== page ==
This leads to a conversation about what happens at each meeting; does the adviser merely review the performance of your portfolio?  This is a backwards-looking approach.  Or, do they take the opportunity to forward-plan and ensure your financial plan is continually on track with your goal? This is a forward-looking approach.

The question can also be used to lead into a conversation about how much is charged for each review and enables you to match the service offered with your needs and expectations as well as what you’re willing to pay for the service.

7. Will I work solely with you, or with a team?

You wouldn’t be blamed for thinking that an adviser operating alone might provide a more personal service. But, counterintuitively, advisers working within a team environment tend to be more productive and foster deeper client relationships*. Whatever the organisational situation, it is a good idea to understand what to expect, and explain the type of relationship you want.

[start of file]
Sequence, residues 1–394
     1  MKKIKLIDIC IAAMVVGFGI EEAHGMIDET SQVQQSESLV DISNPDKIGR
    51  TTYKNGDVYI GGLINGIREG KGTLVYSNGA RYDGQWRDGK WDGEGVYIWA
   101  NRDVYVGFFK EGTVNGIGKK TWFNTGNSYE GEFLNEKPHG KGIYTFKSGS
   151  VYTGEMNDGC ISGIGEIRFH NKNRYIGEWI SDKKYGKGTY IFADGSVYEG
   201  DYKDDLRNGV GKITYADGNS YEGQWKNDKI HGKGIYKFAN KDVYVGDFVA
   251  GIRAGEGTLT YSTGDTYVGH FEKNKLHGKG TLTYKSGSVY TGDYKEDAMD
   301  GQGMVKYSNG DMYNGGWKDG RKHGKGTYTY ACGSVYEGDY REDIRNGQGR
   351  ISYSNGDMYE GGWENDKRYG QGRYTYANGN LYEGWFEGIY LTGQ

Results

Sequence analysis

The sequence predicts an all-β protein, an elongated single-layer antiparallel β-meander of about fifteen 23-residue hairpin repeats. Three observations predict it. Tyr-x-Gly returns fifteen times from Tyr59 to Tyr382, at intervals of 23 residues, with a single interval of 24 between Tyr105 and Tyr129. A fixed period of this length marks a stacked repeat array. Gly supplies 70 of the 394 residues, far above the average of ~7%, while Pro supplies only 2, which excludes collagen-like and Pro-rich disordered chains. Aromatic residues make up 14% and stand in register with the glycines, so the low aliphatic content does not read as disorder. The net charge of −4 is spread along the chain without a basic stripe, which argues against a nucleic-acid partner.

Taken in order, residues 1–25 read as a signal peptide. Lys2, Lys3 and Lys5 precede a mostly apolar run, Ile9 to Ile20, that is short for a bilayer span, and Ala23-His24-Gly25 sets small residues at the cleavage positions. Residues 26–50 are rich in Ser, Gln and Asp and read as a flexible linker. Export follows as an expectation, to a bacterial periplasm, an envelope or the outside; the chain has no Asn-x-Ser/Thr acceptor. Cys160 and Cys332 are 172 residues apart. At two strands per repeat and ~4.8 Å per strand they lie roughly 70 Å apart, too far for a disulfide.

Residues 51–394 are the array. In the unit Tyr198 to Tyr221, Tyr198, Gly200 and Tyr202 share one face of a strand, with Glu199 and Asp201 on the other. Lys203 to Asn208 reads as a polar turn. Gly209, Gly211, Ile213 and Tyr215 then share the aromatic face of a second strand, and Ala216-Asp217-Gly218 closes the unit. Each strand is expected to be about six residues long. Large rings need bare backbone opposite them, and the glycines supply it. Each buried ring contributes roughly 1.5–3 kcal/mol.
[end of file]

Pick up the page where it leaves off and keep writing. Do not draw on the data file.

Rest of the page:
The team is essential because the service you expect needs to have continuity even when your adviser or planner is, for instance, on holiday.

…and finally

Your relationship with your adviser affects your long-term financial plans. We hope these questions will help you understand what type of relationship you’re getting into and what you’re paying for.

*PriceMetrix report 2015